It argues that Christianity emerged from a gnostic substratum,
and that the figure Jesus of Nazareth and the New Testament gospels
are second century CE developments.

I have not caught up with all of these yet but look forward to doing so.


And I see that the prolific Robert M. Price has a new book out:

Bart Ehrman interpreted : how one radical New Testament scholar understands another

I bought the kindle edition and, as usual with a RMP book, found it very easy to read. I think many would be eager to see Ehrman respond in some detail but I suspect anything from that quarter will fall short of engagement in debate.



Various “Thou Shalt Nots”

The Crude

As someone who has spent the last ten plus years working to facilitate open access of reading I had to pause and laugh at the blunt reality of this sign when recently wandering through the Chinatown area of Kuala Lumpur, Malaysia.


The Sophisticated

When I returned home I visited once again the Queensland State Library and this time paused to examine a display cabinet near the entrance of the third floor’s “study and research” spaces. I expected to see some precious historical artefacts but instead saw it housing items that most libraries forbid in their reading areas, along with “preserved” mice and other beasties attracted by them. They were, of course, accompanied by information cards explaining the damage they each inflict on the collection.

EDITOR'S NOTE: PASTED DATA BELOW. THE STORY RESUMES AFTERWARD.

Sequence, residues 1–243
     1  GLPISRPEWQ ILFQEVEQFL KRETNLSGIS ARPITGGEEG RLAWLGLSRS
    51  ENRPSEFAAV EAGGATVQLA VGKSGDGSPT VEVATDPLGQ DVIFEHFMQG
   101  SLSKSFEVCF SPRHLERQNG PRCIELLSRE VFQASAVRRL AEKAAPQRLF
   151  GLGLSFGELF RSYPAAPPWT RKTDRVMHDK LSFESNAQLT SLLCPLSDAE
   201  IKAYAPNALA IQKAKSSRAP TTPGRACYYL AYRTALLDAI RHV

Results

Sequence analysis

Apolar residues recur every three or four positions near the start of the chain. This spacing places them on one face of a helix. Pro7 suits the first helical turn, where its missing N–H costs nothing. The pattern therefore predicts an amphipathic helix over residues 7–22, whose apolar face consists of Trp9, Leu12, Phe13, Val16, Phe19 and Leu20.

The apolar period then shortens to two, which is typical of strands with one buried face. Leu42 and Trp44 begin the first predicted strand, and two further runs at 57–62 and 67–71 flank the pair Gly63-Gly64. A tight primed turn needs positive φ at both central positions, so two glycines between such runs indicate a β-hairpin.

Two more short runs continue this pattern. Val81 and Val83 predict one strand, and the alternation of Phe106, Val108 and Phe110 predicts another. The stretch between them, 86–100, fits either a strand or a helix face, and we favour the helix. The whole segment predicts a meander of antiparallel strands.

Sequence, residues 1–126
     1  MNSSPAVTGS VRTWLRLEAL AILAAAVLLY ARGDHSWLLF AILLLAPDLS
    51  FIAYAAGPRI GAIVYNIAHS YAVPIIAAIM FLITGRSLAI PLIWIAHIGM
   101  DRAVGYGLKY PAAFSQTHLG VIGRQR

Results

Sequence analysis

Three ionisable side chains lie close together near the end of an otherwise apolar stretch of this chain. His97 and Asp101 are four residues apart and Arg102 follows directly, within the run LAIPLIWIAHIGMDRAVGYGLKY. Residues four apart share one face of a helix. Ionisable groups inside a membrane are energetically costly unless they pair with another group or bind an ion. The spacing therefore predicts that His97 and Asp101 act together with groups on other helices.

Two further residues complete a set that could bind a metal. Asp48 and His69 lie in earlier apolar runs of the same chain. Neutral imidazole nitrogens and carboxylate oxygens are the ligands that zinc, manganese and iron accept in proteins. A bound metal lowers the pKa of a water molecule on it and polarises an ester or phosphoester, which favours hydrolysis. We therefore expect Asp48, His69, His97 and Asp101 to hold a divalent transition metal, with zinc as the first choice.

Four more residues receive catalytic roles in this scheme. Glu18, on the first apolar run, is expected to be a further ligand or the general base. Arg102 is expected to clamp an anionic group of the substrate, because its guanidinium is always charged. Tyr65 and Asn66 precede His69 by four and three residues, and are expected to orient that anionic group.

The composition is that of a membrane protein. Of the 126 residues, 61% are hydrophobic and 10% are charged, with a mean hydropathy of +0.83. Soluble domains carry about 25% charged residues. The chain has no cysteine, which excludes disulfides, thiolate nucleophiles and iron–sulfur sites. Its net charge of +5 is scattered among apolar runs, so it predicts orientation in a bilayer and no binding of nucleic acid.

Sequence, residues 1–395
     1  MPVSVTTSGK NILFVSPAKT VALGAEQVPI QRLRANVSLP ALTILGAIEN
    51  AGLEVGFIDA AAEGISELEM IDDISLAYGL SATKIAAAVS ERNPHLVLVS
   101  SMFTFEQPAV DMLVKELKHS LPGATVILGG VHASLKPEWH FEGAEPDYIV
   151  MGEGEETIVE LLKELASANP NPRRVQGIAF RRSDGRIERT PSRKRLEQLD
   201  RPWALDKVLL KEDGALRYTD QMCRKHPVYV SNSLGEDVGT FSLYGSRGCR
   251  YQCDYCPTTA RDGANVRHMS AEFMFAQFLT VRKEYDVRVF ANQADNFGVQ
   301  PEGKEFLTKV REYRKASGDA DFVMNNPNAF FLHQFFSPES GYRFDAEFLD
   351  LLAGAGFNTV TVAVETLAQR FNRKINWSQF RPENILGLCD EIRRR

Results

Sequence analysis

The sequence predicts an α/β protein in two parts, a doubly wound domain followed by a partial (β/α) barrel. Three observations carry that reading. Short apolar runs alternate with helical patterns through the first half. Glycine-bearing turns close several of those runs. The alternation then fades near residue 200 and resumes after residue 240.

The Mythical

Back to Kuala Lumpur for this one. In the old historic part of the city is a scenic spot with a flowing river and signage to alert visitors they were in the presence of the River of Life. There is an old mosque there and other interesting buildings and various signs to remind Westerners of the “thou shalt nots” that once accompanied their Edenic Tree of Life.



I don’t know what that empty circle with the “Forbidden” line through it is warning against (top row, third from the right). “No [fill in blank]”? — to cover those moments they catch you doing something they had forgotten to list?

I love the ban on romantic kissing sign. Much more discreet than our western images of naked Adam and Eve.

I see technology is introduced to help God keep a better eye on what’s going on nowadays.


Scholarly Snobbery and Wikipedia (again)

The corrected article

I trust most readers here would patiently attempt to point out to intellectual snobs who look down with scorn and mockery on those less well educated that their privileged status obligates them to act with responsibility and do what they can to broaden a community’s education.